WHEN IT'S TIME for Bill Band to feed the fishies, he does more than sprinkle a pinch of dried shrimp flakes on top of the water.
Like the others who participate in the National Aquarium's volunteer diver program, Band literally submerges himself in his work.
Struggling into a wetsuit, he hoists a vest and air tank onto his back and, with a plastic container of raw, smelly fish rations in one hand, scrambles feet first down a ladder into the cool waters of the aquarium's Atlantic Coral Reef Exhibit.
What happens next is a scenario that is old hat to Band but remains one of the most popular events for millions of visitors to the Baltimore landmark. A 42-year-old Chesapeake Bay pilot and Towson resident who dives for pleasure, Band has been hand-feeding hundreds of marine animals for two days a month, almost since the aquarium opened its doors to the public a decade ago.
With crowds of children and parents watching from the spiraling ramps outside the 335,000-gallon, racetrack-shaped fish tank, Band is greeted by a hungry and mostly friendly horde of warm-water denizens.
What the fish obviously want is the four-star banquet of "cut mix" -- chopped and diced smelt, squid, shrimp, fresh clams, krill and even peas, corn and lettuce -- that the divers prepare daily in the stainless-steel aquarium "kitchen."
The food is restaurant quality, says Band, because it is most like the fresh food marine life would eat in its natural habitat. Replicating their natural diet is best for their health in the aquarium. Each day divers prepare 28 pounds of mix for the reef tank and another 10 pounds for the 270,000-gallon ray exhibit or "ray tray."
In addition to feeding the marine life, volunteer divers dispense "feed medication" to sickly fish and clean the inside of the reef tank's 28 windows.
The divers -- 54 men and 30 women -- must pass written and diving exams before they are accepted into the aquarium program. Some travel to Baltimore from as far away as Pennsylvania and Virginia for the pleasure of working inside the tanks.
For a few like Band, the volunteer program has become a family affair. Barb and Mike Axelson, Band's sister and brother-in-law, feed the fish and clean the tanks, too.
In a sense, Band is more than an interloper when he enters the artificial yet strangely exotic tank worlds. If he looks hard enough, he can see the visitors standing outside the tank. But the dry world is dimly lighted. The onlookers are silent profiles. His temporary world inside the tank is aglow with three-dimensional life. It is filled with light and sound, even if the noise is limited to the hiss and gurgle of his regulator.
"I now know what the fish feel like in your home aquarium," he says.
Angelfish, blue tang, surgeonfish, grunt, parrotfish, tarpon and bonefish gravitate toward him -- and his pungent food bucket -- in a swarm of sparkling fins and scales. Silver-colored barracuda remain aloof, waiting to snatch a few particles of flesh that drift their way when Band lets go with handfuls of chopped smelt, clams, shrimp and krill.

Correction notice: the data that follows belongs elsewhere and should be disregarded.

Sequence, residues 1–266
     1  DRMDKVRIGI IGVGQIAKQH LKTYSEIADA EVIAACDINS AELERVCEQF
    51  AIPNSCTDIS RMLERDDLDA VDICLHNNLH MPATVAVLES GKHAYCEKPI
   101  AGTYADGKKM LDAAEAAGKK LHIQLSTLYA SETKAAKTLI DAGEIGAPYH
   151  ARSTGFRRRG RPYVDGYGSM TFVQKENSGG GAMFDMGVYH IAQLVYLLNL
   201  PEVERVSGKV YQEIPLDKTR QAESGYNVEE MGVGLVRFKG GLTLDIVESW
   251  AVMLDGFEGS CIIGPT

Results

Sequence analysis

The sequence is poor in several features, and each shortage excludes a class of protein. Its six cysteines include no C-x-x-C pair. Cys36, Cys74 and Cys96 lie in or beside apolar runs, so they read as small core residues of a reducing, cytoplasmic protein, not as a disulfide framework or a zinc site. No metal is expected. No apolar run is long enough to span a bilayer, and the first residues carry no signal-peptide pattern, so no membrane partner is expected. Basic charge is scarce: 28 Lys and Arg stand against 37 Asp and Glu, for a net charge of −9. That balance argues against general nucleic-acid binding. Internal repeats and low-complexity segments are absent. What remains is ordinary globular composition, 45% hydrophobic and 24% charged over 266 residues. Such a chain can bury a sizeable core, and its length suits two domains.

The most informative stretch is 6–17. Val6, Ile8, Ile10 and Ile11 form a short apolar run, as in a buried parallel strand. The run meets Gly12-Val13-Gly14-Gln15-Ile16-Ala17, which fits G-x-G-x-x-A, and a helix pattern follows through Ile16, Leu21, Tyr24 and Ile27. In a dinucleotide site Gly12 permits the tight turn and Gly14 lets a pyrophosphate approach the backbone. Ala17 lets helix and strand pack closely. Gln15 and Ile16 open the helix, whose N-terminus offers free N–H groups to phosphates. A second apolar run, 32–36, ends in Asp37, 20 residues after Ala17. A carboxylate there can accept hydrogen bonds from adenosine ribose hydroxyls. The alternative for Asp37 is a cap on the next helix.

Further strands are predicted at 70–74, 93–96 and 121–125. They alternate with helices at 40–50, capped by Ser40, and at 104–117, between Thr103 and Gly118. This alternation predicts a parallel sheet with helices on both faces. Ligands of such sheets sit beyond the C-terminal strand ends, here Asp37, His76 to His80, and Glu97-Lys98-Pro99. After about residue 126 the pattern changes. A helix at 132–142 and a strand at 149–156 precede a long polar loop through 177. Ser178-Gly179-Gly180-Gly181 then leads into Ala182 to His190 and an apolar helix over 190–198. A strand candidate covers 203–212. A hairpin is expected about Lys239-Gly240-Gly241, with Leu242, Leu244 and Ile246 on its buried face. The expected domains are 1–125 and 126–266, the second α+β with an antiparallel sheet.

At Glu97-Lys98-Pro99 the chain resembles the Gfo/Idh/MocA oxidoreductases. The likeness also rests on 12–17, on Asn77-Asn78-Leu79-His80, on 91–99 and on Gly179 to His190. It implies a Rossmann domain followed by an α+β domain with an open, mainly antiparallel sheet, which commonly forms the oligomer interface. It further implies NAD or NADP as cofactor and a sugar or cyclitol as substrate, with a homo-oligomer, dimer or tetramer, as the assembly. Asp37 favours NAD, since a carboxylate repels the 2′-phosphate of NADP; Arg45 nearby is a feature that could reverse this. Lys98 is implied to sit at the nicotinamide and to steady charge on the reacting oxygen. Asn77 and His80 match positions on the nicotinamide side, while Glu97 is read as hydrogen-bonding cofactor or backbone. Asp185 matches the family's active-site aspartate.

A couple of porcupinefish, soft-fleshed except for their bony spikes, lumber insouciantly through the excited crowd and open their jaws to receive a portion of shelled Gulf shrimp.
A brown-backed ray glides along the bottom of the tank and zeros in on some morsel dangling from Band's gloved hand. Band, a veteran of hundreds of aquarium dives, knows what spectators like.
Moving close to one of the tank's windows, he teases the ray into swimming upward for the food, exposing its soft white belly to the onlookers on the ramp. The ray opens its mouth and silently gulps its prey. Cameras flash. Through his face mask, Band can see the smiles on the other side of the glass partition. He's done his job: He's fed a hungry ray and entertained the crowd at the same time.
"You're the main attraction when you're in the tank," says Band. "The kids could care less about the fish when there's a diver in there."
Band downplays his feeding talents. "Whoever has the food bucket is the main guy to follow," he says. "You're like the Pied Piper in there."
But wait. Not everyone in this artificial sea is happy. A 160-pound Hawksbill turtle apparently wants his share of grub, too.
The turtle, whose bulk is visually magnified underwater by 25 percent, drifts like a semi-inflated dirigible into the scene. His little eyes are fixed upon a limp and lifeless squid in Band's hand. The turtle's flippers steer him to the target. He opens his beak-like mouth and bites, tearing the squid's body open and releasing a sepia-hued cloud of ink into the clear aquarium water.